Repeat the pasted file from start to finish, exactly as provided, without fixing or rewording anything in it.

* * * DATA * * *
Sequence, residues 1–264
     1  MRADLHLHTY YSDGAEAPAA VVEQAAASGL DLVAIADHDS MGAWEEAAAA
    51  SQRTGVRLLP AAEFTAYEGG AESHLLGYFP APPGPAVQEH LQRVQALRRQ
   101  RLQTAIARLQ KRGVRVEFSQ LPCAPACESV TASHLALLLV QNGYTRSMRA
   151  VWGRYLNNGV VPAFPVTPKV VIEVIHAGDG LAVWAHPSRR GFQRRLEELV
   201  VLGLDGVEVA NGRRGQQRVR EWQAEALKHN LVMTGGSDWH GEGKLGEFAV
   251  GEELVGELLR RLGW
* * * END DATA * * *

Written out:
Sequence, residues 1–264
     1  MRADLHLHTY YSDGAEAPAA VVEQAAASGL DLVAIADHDS MGAWEEAAAA
    51  SQRTGVRLLP AAEFTAYEGG AESHLLGYFP APPGPAVQEH LQRVQALRRQ
   101  RLQTAIARLQ KRGVRVEFSQ LPCAPACESV TASHLALLLV QNGYTRSMRA
   151  VWGRYLNNGV VPAFPVTPKV VIEVIHAGDG LAVWAHPSRR GFQRRLEELV
   201  VLGLDGVEVA NGRRGQQRVR EWQAEALKHN LVMTGGSDWH GEGKLGEFAV
   251  GEELVGELLR RLGW